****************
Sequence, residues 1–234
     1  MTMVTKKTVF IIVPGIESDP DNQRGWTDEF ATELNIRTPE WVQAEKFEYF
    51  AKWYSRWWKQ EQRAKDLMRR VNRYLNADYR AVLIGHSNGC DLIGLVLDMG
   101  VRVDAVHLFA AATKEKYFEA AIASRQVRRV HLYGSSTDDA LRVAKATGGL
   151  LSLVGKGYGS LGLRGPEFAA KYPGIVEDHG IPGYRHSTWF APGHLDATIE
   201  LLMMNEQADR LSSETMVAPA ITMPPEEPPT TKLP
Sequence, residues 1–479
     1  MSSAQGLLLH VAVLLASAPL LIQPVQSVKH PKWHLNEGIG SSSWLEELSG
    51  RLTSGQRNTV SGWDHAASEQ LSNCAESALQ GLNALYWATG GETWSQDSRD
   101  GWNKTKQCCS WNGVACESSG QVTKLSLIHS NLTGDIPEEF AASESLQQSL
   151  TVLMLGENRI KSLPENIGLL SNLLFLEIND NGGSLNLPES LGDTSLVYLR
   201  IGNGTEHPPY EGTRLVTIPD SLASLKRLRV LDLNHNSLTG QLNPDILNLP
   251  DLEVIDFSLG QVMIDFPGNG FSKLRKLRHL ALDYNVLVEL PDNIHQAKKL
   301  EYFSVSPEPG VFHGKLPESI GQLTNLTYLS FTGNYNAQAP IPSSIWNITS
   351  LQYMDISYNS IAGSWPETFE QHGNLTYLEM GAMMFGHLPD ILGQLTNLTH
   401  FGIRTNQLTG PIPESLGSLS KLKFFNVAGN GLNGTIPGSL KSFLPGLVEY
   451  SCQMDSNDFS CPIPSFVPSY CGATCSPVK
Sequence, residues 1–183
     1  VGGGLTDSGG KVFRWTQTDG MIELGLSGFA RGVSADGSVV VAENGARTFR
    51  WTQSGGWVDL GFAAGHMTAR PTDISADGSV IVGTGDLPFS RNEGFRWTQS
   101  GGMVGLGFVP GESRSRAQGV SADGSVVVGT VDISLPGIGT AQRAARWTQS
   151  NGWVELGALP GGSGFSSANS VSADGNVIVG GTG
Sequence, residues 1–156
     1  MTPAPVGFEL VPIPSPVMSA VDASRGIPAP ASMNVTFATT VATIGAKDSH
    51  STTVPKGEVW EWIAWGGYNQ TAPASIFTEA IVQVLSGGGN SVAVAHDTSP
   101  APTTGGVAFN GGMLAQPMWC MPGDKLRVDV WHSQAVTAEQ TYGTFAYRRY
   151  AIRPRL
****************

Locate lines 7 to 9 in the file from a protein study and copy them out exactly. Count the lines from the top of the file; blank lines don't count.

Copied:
Sequence, residues 1–479
     1  MSSAQGLLLH VAVLLASAPL LIQPVQSVKH PKWHLNEGIG SSSWLEELSG
    51  RLTSGQRNTV SGWDHAASEQ LSNCAESALQ GLNALYWATG GETWSQDSRD